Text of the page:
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the Complete Review
the complete review - fiction

Coming from an Off-Key Time

Bogdan Suceavă

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To purchase Coming from an Off-Key Time

Title: Coming from an Off-Key Time
Author: Bogdan Suceavă
Genre: Novel
Written: 2004 (Eng. 2011)
Length: 200 pages
Original in: Romanian
Availability: Coming from an Off-Key Time - US
Coming from an Off-Key Time - UK
Coming from an Off-Key Time - Canada
  • Romanian title: Venea din timpul diez
  • Translated by Alistair Ian Blyth

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Our Assessment:

B : interesting social/political take on post-Communist era Romania

See our review for fuller assessment.

The complete review's Review:

       Coming from an Off-Key Time is set in post-Communist Romania, which here decidedly has not yet become a civil society comfortable with its institutions and remains vulnerable to the promises of the spiritual, be it political (especially in the form of nationalism) or religious. There are several overlapping storylines of what amount to competing cults, their vacuous and mystic promises appealing against the unsettled realities of the day. As the storyteller (a narrator who quickly fades from the forefront of the narrative) notes:

We were all expecting a miracle. Do you remember the 1990s, with all their mysteries and untold history ?
       One savior figure is Vespasian Moisa -- "bringing Life, Truth, and Freedom" in 1993, and gaining a large following for his 'Tidings of the Lord'. He was born with a birthmark looking like map of Bucharest on his chest, and already then a midwife prophesied:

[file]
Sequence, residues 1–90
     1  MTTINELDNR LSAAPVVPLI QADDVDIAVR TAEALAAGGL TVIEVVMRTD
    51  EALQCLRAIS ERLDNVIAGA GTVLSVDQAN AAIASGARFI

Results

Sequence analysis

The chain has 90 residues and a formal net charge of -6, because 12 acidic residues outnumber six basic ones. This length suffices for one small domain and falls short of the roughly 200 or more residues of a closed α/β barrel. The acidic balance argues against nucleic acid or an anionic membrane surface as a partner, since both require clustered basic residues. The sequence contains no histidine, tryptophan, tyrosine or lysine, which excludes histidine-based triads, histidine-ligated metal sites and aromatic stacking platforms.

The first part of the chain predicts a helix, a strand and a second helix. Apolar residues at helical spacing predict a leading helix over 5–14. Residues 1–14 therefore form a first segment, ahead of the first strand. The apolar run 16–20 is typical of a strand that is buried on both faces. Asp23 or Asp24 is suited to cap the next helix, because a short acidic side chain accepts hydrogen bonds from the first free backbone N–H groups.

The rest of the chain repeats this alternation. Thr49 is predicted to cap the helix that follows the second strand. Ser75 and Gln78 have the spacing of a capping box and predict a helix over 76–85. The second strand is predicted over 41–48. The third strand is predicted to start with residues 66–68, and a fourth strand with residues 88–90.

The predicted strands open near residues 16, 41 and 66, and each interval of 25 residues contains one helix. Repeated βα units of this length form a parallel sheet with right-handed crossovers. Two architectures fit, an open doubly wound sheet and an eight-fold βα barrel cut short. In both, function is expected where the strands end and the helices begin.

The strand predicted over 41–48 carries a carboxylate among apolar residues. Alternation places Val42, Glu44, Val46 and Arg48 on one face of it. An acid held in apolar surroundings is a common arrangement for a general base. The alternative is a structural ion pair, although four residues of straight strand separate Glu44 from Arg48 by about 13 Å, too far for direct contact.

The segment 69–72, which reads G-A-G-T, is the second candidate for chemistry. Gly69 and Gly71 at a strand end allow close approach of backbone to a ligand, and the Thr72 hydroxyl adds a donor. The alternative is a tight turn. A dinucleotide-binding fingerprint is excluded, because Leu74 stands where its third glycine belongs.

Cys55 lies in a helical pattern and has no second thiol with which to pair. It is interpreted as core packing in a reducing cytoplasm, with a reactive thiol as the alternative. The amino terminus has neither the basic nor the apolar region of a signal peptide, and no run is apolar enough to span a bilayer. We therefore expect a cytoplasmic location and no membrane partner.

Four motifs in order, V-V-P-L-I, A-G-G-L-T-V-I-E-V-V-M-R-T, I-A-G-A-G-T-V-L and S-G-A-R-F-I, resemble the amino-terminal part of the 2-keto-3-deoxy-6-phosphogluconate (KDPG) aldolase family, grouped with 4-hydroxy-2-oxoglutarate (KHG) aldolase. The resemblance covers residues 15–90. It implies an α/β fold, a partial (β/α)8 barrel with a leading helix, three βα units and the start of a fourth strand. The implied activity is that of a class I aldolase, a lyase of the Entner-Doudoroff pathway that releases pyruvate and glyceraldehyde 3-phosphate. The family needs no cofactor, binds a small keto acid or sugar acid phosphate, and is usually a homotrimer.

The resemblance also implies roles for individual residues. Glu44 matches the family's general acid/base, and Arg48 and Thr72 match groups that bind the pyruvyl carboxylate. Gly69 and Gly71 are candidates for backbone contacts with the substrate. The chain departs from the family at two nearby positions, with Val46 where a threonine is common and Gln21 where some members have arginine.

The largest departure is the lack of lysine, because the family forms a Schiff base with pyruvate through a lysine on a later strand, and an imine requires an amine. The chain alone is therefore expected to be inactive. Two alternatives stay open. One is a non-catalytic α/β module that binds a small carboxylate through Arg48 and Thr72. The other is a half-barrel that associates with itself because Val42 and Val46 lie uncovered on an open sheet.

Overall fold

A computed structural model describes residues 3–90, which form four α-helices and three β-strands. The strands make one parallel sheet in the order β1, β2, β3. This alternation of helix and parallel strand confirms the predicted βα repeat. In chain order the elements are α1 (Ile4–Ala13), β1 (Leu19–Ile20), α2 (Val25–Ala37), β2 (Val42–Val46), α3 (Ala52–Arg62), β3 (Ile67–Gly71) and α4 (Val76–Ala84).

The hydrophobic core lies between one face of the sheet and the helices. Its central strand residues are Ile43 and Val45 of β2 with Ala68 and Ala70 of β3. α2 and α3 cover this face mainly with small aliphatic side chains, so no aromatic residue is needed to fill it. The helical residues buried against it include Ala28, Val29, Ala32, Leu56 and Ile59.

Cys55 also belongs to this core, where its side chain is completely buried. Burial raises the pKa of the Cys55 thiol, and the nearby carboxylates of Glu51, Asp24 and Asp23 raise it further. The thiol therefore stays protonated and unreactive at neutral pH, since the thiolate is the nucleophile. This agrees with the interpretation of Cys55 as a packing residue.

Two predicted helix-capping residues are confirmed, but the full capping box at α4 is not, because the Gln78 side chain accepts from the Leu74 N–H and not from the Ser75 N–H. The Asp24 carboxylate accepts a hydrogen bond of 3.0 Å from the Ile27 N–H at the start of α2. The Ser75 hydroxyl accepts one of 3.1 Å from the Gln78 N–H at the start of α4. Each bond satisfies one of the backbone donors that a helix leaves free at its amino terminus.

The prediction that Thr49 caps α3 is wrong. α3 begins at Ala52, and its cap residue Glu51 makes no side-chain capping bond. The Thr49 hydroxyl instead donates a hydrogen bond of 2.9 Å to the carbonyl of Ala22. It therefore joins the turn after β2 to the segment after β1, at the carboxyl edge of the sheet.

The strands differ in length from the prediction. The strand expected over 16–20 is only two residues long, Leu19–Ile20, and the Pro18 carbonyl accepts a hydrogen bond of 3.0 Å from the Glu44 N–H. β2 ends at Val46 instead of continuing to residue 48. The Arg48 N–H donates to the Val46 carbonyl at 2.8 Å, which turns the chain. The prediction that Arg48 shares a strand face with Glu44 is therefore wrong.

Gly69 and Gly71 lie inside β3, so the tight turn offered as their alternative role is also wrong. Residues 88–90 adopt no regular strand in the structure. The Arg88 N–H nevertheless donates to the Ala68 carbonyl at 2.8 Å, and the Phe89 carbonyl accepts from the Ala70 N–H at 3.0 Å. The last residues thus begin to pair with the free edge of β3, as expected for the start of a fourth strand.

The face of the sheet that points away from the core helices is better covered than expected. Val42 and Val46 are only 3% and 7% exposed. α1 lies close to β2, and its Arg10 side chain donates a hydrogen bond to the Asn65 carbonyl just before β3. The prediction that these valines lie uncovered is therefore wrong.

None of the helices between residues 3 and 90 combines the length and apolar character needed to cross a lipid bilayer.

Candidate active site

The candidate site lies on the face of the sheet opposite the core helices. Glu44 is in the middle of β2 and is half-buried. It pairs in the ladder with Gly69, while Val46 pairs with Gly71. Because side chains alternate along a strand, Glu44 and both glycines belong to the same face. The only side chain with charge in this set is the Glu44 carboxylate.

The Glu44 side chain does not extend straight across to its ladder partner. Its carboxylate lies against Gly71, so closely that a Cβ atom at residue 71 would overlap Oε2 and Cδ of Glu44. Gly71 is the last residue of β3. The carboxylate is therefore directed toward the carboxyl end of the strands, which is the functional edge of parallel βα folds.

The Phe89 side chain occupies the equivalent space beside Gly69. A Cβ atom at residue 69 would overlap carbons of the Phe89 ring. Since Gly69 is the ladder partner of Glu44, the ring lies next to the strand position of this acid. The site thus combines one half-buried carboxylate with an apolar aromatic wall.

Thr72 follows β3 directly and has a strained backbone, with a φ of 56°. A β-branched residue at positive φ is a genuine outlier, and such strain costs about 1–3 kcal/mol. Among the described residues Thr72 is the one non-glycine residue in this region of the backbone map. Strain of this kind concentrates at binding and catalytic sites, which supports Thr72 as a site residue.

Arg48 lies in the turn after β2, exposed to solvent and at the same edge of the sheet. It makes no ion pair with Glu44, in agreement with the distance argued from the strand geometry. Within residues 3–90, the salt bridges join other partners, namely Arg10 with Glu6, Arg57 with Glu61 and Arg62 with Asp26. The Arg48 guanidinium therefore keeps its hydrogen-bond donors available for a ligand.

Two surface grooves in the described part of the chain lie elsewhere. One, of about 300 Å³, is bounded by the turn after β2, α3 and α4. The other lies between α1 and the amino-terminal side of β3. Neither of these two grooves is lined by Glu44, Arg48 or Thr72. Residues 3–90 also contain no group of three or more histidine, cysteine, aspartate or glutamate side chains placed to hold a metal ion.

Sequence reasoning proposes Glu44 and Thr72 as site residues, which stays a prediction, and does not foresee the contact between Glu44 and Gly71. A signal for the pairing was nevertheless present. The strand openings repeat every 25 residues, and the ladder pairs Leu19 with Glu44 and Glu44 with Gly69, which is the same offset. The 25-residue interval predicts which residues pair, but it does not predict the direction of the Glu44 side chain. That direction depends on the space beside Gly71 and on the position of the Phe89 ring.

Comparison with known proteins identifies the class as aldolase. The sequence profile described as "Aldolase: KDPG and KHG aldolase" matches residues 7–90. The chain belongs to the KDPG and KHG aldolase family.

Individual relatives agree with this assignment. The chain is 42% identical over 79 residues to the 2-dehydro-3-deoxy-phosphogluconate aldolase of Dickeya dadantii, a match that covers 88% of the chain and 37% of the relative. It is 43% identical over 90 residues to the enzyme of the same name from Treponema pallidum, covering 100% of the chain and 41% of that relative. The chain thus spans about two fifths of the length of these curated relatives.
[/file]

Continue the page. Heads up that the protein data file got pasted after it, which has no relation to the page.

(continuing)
It is a map of the second Jerusalem, a sign begotten, not made, a sign from the Lord and which demands worship.
       Seen as a second coming of the Son of the Lord, his Bucharest-map adds the nice (and necessary) nationalist touch, allowing his followers to believe that Romania is indeed a promised or chosen land. Among the other theories they espouse: that the Romanian language itself is "the combination to the safe of the universe", a coded key that, once deciphered, will reveal the purposes of the world.
       A competing group finds their own reincarnated mascot, a man claiming he was Stephen the Great (making them the 'Stephenists'). Soon enough there are pitched battles in one of Bucharest's large squares between the competing groups, and various attempts to undermine each other. Meanwhile, the Romanian intelligence agency that tries to track and control these new cults (more of which keep popping up) finds that (despite the services of a spying tomcat) things quickly get out of their hands:
We don't have the resources to keep this new religious outbreak under surveillance, let alone under control.
       With its earnest cultish nonsense -- from the language theories to one of vibrations ("everything is vibration"), as well as various supposed reincarnations --, religious and mystical traditions, and plain surreal touches (the spying tomcat), Coming from an Off-Key Time heaps the absurd on this portrait of the times. The novel is very much grounded in Romanian history and tradition (intellectual as well as religious and political) -- endnotes helpfully clarify some of the obscurer or entirely local references -- and much of the appeal of the novel comes from how much it is of a specific time and place. The surreal satire and invention, and the presentation in general, are also reminiscent of much communist-era subversive eastern European fiction.
       Coming from an Off-Key Time is an excellent example of what a foreign reader might hope for in a specifically 'contemporary Romanian novel': inward-looking (in contrast to so much of the current eastern European fiction that is fixated on comparisons to the west) and, though modern, strongly rooted in local tradition (literary as well as otherwise).

- M.A.Orthofer, 19 February 2011

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Coming from an Off-Key Time: Reviews: Bogdan Suceavă: Other books of interest under review:

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About the Author:

       Romanian author Bogdan Suceavă was born in 1969. He lives and teaches in the US.

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